Do I have the right to refuse CPR?

  1. I do not have a terminal illness. However, I feel it is my right to refuse "CPR"
    despite the fact that I do not have a terminal illness. Can a lawyer help me fill out the necessary paperwork? Thanks
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    About Blackcat99

    Joined: Jan '04; Posts: 3,163; Likes: 1,157
    from US


  3. by   CIRQL8
    I see no reason why you should not be able to fill out advanced directives and refuse CPR no matter what, when, or any circumstance. I would kkep a copy of the papers on me at all times and wear a medical alert stating to the fact.

    Keep in mind, that even w/ advanced directives, present family can insist, and to err on the side of caution and avoid costly litigation, health care providers will always try to save (when in doubt...)

    why?? What if you go into arrest after chocking, and the obstruction is removed. You may be able to be resuscitated in time before any brain damage. Or V-Fib for whatever reason and there is a AED right there?? You can be converted and suffer no ill effects.

    In medicine there are too many unknowns and exceptions to make a blanket rule (sometimes). (see what I mean??) Best bet is to get a healthcare power of attorney and EDUCATE THEM. Be sure they will do what YOU would want.


    This is the edit:

    P.S. What about the Heimlich if you're chocking?? What about recue breathing, what if what if.. There are alot!!!
  4. by   VivaLasViejas
    I made myself a DNR after my first code years ago. I had to do CPR on an 89-year-old lady, and as we all know, properly performed compressions and 89-year-old ribs do not mix well. The patient survived the code only to be hooked up to a ventilator, strapped down and sedated for what turned out to be two weeks before she finally defied her family's wishes and passed away. I decided right then and there that NO WAY was I ever going to allow myself to be put through such indignities, and I put together my advanced directive with my family's and my doctor's blessings.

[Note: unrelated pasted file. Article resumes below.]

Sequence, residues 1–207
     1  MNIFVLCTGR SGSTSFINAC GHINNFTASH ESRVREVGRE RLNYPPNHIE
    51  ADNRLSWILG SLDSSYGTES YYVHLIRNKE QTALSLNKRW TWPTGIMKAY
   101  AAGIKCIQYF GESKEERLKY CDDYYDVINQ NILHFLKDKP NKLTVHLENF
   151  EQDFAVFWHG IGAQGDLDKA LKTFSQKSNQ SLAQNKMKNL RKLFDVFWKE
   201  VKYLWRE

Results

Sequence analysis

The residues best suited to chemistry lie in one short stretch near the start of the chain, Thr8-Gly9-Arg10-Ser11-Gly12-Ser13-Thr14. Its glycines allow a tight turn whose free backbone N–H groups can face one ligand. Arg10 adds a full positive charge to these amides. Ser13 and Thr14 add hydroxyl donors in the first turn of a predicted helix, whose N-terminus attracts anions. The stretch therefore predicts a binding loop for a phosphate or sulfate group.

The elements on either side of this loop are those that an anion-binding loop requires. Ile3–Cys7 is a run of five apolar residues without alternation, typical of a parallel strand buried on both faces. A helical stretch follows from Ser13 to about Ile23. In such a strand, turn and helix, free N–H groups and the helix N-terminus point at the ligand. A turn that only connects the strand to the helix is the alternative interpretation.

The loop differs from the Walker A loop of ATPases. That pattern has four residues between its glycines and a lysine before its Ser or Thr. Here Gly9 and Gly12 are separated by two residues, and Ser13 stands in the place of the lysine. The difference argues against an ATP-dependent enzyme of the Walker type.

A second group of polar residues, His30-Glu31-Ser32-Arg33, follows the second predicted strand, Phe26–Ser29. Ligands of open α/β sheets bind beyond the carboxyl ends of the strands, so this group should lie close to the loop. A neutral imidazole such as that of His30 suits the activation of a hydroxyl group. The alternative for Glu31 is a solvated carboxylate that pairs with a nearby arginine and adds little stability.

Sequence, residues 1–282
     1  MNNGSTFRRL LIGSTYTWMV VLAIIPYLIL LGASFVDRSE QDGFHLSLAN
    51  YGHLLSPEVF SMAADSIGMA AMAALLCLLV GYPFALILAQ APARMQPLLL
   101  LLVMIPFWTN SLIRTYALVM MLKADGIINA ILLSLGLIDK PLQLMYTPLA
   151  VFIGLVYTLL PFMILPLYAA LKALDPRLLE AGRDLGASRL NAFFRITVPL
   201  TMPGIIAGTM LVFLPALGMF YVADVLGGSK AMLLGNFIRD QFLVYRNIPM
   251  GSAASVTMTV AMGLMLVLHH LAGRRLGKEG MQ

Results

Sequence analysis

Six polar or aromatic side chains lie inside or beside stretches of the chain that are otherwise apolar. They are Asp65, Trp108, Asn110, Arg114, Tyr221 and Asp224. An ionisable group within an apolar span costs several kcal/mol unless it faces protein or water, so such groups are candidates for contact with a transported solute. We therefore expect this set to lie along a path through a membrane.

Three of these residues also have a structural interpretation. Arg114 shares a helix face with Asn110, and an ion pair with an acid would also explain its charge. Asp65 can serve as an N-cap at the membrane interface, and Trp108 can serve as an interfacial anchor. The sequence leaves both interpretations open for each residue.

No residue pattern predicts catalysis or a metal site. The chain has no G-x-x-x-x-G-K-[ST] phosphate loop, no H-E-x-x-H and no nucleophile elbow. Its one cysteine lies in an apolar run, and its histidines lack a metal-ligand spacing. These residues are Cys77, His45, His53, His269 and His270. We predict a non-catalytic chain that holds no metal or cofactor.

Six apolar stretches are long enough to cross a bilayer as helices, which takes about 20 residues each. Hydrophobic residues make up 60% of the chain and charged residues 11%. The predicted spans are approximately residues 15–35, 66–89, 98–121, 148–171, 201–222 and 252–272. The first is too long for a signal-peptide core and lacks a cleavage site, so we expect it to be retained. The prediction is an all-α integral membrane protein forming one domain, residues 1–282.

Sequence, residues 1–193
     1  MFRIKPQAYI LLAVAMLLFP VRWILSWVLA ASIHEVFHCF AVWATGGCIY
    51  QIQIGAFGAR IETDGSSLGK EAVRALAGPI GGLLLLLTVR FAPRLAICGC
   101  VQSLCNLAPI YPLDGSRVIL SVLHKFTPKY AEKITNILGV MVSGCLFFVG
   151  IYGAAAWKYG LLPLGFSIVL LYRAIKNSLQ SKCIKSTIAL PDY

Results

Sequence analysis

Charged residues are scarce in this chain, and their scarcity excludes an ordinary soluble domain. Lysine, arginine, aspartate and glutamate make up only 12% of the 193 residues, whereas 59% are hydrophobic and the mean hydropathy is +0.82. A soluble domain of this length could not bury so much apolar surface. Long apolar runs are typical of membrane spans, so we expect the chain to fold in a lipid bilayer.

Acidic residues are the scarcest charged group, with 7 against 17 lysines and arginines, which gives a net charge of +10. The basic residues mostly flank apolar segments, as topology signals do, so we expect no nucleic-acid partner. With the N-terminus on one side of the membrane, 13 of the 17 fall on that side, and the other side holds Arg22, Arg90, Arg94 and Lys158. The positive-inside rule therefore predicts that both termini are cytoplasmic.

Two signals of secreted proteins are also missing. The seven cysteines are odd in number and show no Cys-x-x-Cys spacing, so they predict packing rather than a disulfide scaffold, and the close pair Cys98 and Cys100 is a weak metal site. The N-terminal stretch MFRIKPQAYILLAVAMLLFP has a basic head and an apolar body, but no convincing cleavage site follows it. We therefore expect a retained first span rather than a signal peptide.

Of course, do not resuscitate DOESN'T mean do not treat, and if I'm not actually dead and there's half a shot at some quality of life with treatment, by all means give it to me! But man, if I'm gone, let me STAY gone.......don't try to bring me back with shocks or fracture my ribs so I'm in pain or hook me up to some machine that requires me to be tied down so I can't pull out the tubes, or turn myself over in bed, or even clean up after myself. That's no's not even an existence........and I'd rather be elsewhere, thank you.
  5. by   elkpark
    The answer to your question may vary from state to state ... A local attorney would be able to answer your questions and assist you with any paperwork.
  6. by   traumaRUs
    Gosh and here I'm thinking to myself - do whatever. Of course, like all of the above posters, I'm in good health! I would want to be a full code unless I had a terminal illness.
  7. by   Blackcat99
    Thanks everyone for your great insights. I watched my Dad suffer on a ventilator for almost a month. He did finally get weaned off of it. However, my Dad died anyway a month later. My worst nightmare fears would be waking up someday in ICU and having a ventilator,NG tube and colostomy in place.